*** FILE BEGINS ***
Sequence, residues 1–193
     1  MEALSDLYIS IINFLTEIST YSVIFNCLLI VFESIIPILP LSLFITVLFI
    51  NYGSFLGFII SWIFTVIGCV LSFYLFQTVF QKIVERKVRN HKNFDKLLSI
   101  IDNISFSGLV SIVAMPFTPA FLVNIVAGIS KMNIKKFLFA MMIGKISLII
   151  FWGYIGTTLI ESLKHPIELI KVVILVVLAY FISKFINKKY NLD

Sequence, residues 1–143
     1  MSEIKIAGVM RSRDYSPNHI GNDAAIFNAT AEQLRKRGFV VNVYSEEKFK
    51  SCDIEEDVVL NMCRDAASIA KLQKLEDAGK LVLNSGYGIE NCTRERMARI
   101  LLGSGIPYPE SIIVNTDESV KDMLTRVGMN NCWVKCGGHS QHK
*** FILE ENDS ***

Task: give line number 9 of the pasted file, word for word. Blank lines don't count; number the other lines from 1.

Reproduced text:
   101  LLGSGIPYPE SIIVNTDESV KDMLTRVGMN NCWVKCGGHS QHK